That doesn’t mean I haven’t struggled with rejecting some comments. This is particularly true of some of the commenters who shared their personal experience of being falsely accused. In those instances, I tried to reach out to thank them for their candor, and provide a specific reason for why their comment was excluded. I’m sure I’ve missed a few, and to those I’ve overlooked, I apologize from the bottom of my heart. I’m human, and I’m doing this by myself right now. I’m trying.

Now, I’m assuming the impetus for your comment, Christopher, is the fact that I had not yet approved your comment, submitted at 6:52 PM. The specific portion of your comment which resulted in rejection read as follows:

These days it is almost FASHIONABLE for a woman to claim she has a “stalker,” a term that is used far too easily and frequently in comparison to the amount of damage it can cause. It’s quite simple, really: Among the countless other possible scenarios, let’s say a woman in a relationship with a man decides to be unfaithful, and is then caught and confronted.

A rather large percentage of women in that position will not simply explain herself or admit her wrong-doing, and will instead simply leave the relationship. Anyone with an emotional investment in that relationship will not only want but DESERVE answers, and will seek them. Almost immediately, rather than provide an explanation, the woman will start acting frightened of a man she knows would never hurt a fly, and not wait long to label the man a “stalker.”

Why did this spur rejection? Let’s look at the questions I was asking to reach my conclusions-

Q: Does it derail it onto an unrelated topic?
A: Yes. Not a single part of this comment is related to rape culture. Further down, you attempt to pre-empt this concern, stating:

What does this have to do with “rape culture?” Simple: The whole rage of claiming “stalker” is a power women commonly exercise, damages the opposite (or occasionally same) sex, and is something in which the actual damage caused is neither understood nor considered. And if anyone doesn’t believe how prevalent it truly is, or how loosely and freely it’s slung around, just search twitter for #stalker.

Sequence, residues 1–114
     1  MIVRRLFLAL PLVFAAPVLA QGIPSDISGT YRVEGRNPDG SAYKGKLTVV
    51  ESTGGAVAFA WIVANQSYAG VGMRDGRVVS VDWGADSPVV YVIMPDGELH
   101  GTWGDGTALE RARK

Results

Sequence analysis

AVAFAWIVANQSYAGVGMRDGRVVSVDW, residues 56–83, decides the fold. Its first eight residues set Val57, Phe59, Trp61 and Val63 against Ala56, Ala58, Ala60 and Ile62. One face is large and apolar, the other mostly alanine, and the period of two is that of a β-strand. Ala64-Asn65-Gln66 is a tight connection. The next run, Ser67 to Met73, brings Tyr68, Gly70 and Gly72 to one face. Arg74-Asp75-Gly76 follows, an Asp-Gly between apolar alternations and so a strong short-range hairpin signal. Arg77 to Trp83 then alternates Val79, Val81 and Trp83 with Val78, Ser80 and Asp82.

The term “rape culture” in my mind is one way to lament the decreasing recognition of the seriousness of the crime. Meanwhile, I’d be stunned if the term “stalker” ever lost its potency and stigmatic power.

This statement in no way, shape, or form establishes a connection to rape culture (see definition above for reminder). It does not directly address a single point of the post itself. It is not in response to anyone’s comments. It is, simply put, a rant about stalker accusations. That’s all fine and well, but it isn’t salient to this conversation.

Q: Is it a direct attack or dismissal of a survivor?
A: No.

Q: If not, does it have the potential to make survivors feel dismissed or attacked?
A: Perhaps. It enters a conversation about suffering and says, “But look at me!” That could be interpreted as dismissive and disrespectful. At a minimum, it is a distraction from the goal of the thread, which is to better understand what rape culture is, how it impacts us, and how we can work to change it.

Q: If so, what is the proximity of the comment to the narratives of the other survivors?
A: While not directly next to a narrative, it would have posted close enough to one of the accounts – and one where the survivor had never openly discussed the matter before – to be of concern.

Q: If it is not in close proximity to a survivor’s story, is the argument sensitively phrased and supported with something other than conjecture?
A: Unfortunately, the comment was entirely based on conjecture. There was no data. There was no evidence. There were no warrants for why you believe false accusation of stalking to be a problem.

To be clear, I have no problem with you individually. And I don’t necessarily have a problem with the conversation you are trying to have. But for the reasons above, it is not a conversation to have here and now.

You have a right to your opinions. I’m sorry if you don’t approve of this moderation process, but it was my decision to make, and I stand by it. If after this explanation, you still believe I am nothing but “another angry feminist screaming too loud,” I’m not sure what to tell you, except I wish you luck on your journey.